Walnut Wonders was an exhibit featuring functional art, turned bowls and vases, furniture, wood sculptures, toys, musical instruments, kitchen items and folk art from harvested wood from the Ramey Homestead’s large black walnut tree.
The Ramey Homestead Black Walnut Woodworking Exhibit
Items were on display at The Great Frame Up Longmont from Nov. 14 – Dec. 30, 2020. Items were also displayed online.
Thank you to the Boulder County Parks & Open Space Foundation for their support of the exhibit and for contributing to the creation of the booklet. The Great Frame Up Longmont will generously donate 10% of sales to the Foundation.
About the Exhibit
Boulder County Parks & Open Space is excited to involve the woodworking community in telling the story of this property and the large black walnut tree that once inhabited it until it was cut down in 2018 after dying of thousand cankers disease. The tree stood on one of the county’s now protected riparian landscapes just west of the Hygiene community for approximately 140 years. All exhibited pieces were created from the wood of this historic tree.
The work exhibited celebrates the rich history of the area from the establishment of Colorado’s statehood in 1876. For hundreds of years before 1876, the land on which the black walnut tree thrived was home to numerous indigenous peoples that included, but was not limited to, the Ute, Arapaho, and Cheyenne.
Today, the tree lives on through the creativity and talent of a diverse group of woodworkers whose creations include functional art, turned bowls and vases, furniture, musical instruments, wood sculptures, and folk art amongst other items.
About the Wood
Woodworkers consider black walnut wood to be one of the finest North American lumber species, one that is both beautiful and workable. Along with mahogany and cherry, walnut set the standard for early American furniture.
When the department reached out to the woodworking community to offer it to the public at no cost, it was overwhelmed with over 350 interested woodworkers. The department used a lottery system to whittle down the number of recipients to 84. The largest piece given to a craftsman was 37 inches in diameter by eight feet long. The remainder of the wood of various dimensions was distributed to others while very small scraps of wood were happily accepted by a few participants.
Because the tree was taken down in 2018 and the idea to utilize it to hold a woodworking exhibit was not envisioned until 2019, the wood was subjected to the forces of nature including rain, snow, freezing temperatures, and heat. Some of the pieces given to participants were cracked and difficult, if not impossible, with which to work. Still, determined woodworkers were able to create amazing and beautiful work for the public to admire and to perhaps purchase and take home!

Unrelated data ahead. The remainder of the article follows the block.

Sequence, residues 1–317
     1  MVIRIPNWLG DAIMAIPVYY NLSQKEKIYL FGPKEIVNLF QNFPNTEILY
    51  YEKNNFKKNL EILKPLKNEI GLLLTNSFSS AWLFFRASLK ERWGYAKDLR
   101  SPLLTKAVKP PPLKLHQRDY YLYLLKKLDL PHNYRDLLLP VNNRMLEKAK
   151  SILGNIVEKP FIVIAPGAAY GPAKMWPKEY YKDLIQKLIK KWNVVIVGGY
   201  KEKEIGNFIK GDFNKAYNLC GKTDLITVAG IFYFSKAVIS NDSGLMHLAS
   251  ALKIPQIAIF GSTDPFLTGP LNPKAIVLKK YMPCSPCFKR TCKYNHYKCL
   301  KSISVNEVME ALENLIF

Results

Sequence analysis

The Story of the Black Walnut Tree at the Ramey Homestead
The story of the approximately 140-year old Ramey Homestead black walnut tree takes us back to the year of 1861 when George W. Webster and his friend, Charles C. True, traveled to the Pella area of Boulder County to farm and raise livestock on a 160-acre property west of present day Hygiene. During this time, Webster made numerous journeys to California to visit relatives and purchased nursery stock to sell in the area. It is surmised that he brought back trees and plants to Colorado to plant on his property and sell to others, including the black walnut tree.
In 1923 the son of Charles C. True sold the property to Charles and Ellen Dawe. Their daughter, Ellen, married Edwin Ramey in 1923 and their son, Charles Ramey, farmed the property until his death in 1998. Charles Ramey’s nephew, David Sevier, sold the property to Boulder County in 2001.
The Parks & Open Space department completed numerous historic preservation projects on the buildings since 2001, with the intent to provide future public access to the property through a self-guided tour of the building exteriors as part of the proposed St. Vrain Greenway Trail. This trail is a planned future regional multi-use trail connection between Lyons and Longmont.
The September 2013 flood severely damaged the property and the buildings, inundating the area and causing a series of significant cut banks resulting in substantial erosion. The barn partially collapsed, and the granary completely dislodged, floated approximately 130 feet east of its original location, and lost the entire east wall. The house, carriage barn, privy and chicken house also were flooded, but suffered less damage.
In 2016, the Boulder County Parks & Open Space department restored the granary and barn to its preflood condition. In a testament to the property’s historic significance, the Board of County Commissioners approved the local historic landmark designation of the property on December 10, 2019.